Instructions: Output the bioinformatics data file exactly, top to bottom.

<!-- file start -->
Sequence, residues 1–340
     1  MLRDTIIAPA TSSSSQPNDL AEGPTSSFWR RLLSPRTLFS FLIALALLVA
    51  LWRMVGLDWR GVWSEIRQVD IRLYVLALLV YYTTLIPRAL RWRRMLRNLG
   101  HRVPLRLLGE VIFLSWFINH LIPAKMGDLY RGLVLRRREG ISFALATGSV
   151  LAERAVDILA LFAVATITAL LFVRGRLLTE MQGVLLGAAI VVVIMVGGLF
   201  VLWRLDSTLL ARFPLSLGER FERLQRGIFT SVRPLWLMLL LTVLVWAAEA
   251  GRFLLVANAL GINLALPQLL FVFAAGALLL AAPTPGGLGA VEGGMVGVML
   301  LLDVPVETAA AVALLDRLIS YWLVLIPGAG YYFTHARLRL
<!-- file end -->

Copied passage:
Sequence, residues 1–340
     1  MLRDTIIAPA TSSSSQPNDL AEGPTSSFWR RLLSPRTLFS FLIALALLVA
    51  LWRMVGLDWR GVWSEIRQVD IRLYVLALLV YYTTLIPRAL RWRRMLRNLG
   101  HRVPLRLLGE VIFLSWFINH LIPAKMGDLY RGLVLRRREG ISFALATGSV
   151  LAERAVDILA LFAVATITAL LFVRGRLLTE MQGVLLGAAI VVVIMVGGLF
   201  VLWRLDSTLL ARFPLSLGER FERLQRGIFT SVRPLWLMLL LTVLVWAAEA
   251  GRFLLVANAL GINLALPQLL FVFAAGALLL AAPTPGGLGA VEGGMVGVML
   301  LLDVPVETAA AVALLDRLIS YWLVLIPGAG YYFTHARLRL